The Alpine Convention is an agreement of international law relating to the general protection and sustainable development of the Alps. It was set up on the initiative and after a long previous work by CIPRA. The General Framework Convention, now ratified by all parties, is enforced by the implementing protocols. The implementation protocols are set out for twelve sectors and there are already protocols for eight sectors: the Alpine Convention is an agreement between different countries for the protection and sustainable development of the Alpine region. Austria, France, Germany, Italy, Liechtenstein, Switzerland and the EU signed in Salzburg (Austria) on 1 November 1991. Slovenia signed the convention on 29 March 1993. Monaco became a part on the basis of a separate additional protocol. The convention came into force on March 6, 1995. While Switzerland is largely mountainous, the delays in ratification are mainly due to the lack of support from mountain cantons, not least because they were perceived by the perception of environmental protection and not economic development. After a few years of deadlock, an agreement was reached between the Confederation and the mountain cantons in 1996, when the Confederation agreed to financial measures in favour of the cantons. Subsequently, political ties with other controversial issues in Parliament led to further delays before ratification by Switzerland at the end of 1998 and the adoption of the presidency in early 1999.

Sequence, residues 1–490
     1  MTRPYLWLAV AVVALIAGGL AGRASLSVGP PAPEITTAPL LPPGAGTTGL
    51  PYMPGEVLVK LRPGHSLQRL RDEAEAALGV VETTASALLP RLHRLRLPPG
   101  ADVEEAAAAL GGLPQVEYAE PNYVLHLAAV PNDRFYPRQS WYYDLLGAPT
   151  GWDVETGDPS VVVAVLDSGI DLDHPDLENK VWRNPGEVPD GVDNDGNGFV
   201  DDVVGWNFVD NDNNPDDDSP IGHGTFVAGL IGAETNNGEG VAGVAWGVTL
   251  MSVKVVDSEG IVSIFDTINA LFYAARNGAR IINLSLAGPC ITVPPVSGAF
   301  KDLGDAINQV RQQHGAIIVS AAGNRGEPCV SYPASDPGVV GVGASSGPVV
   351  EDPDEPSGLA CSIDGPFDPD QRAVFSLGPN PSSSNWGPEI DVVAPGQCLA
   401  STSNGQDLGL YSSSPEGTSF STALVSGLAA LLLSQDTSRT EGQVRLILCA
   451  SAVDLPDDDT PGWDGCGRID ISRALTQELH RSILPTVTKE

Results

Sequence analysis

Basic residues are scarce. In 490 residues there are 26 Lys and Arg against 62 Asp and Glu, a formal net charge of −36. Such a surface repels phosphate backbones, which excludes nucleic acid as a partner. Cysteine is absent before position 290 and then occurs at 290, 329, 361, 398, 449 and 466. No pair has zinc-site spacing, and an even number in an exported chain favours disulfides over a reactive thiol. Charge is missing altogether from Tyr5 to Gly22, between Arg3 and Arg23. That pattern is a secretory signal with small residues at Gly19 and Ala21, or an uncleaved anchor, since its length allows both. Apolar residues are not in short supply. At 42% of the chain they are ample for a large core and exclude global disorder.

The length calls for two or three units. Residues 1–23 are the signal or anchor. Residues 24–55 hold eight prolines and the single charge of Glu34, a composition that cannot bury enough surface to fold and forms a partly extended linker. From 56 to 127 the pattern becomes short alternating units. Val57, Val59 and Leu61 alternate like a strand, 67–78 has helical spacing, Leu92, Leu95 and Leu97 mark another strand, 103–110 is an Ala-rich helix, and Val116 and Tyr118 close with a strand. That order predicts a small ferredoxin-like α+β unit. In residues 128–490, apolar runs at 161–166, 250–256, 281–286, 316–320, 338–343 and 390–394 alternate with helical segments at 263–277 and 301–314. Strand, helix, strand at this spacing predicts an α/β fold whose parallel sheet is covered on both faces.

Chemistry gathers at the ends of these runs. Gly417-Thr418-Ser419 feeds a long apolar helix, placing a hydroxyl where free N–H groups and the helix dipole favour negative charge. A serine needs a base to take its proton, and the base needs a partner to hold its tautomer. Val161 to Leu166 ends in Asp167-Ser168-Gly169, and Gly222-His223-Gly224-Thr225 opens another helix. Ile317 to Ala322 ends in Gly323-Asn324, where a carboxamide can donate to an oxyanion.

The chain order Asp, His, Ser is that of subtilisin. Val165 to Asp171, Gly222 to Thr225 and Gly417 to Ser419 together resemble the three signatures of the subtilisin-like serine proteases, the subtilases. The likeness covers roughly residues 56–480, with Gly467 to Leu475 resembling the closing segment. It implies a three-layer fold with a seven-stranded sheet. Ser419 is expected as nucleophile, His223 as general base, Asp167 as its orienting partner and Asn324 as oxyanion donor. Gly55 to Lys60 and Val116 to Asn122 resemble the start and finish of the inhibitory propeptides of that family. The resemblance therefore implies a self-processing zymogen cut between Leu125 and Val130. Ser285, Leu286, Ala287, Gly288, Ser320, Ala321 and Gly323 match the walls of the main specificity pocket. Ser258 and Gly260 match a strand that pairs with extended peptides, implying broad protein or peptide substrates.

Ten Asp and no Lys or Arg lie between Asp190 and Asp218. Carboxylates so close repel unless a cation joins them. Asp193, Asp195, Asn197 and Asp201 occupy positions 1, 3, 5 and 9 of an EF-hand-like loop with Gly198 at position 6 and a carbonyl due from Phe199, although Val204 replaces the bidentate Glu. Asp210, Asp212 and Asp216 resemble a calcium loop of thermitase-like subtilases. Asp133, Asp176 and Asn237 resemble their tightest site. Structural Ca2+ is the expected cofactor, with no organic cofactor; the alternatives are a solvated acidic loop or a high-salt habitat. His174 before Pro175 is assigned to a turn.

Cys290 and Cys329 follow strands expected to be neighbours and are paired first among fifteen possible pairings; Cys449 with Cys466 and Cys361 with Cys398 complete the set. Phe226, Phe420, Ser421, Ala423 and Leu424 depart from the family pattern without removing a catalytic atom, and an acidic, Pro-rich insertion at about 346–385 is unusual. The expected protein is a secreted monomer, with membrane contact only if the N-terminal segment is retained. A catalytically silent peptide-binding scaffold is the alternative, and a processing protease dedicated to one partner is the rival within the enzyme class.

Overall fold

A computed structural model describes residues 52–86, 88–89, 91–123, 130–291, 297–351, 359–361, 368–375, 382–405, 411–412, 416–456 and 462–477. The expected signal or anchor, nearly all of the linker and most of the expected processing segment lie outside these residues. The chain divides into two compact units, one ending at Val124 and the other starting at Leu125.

The Alpine Convention calls for a comprehensive political approach to the conservation and protection of the Alps, implemented by the contracting parties through protocols on land use and sustainable development, nature and landscape conservation, mountain agriculture, mountain forests, tourism, soil conservation, energy, transport and dispute resolution. Protocols are independent enforcement agreements under international law and must be ratified individually. The 14th Alpine Conference decided that the 7th State of the Alps report would focus on the policy of natural hazard risks and would be managed by the Alpine Convention`s Natural Risks Platform (PLANALP). Another obstacle to implementation is the development of the transport protocol, which has been more or less down since 1995. Unlike most other protocols to date, this has involved a large number of departments, many of which have come under considerable pressure from an industry lobby for which environmental protection is not very important.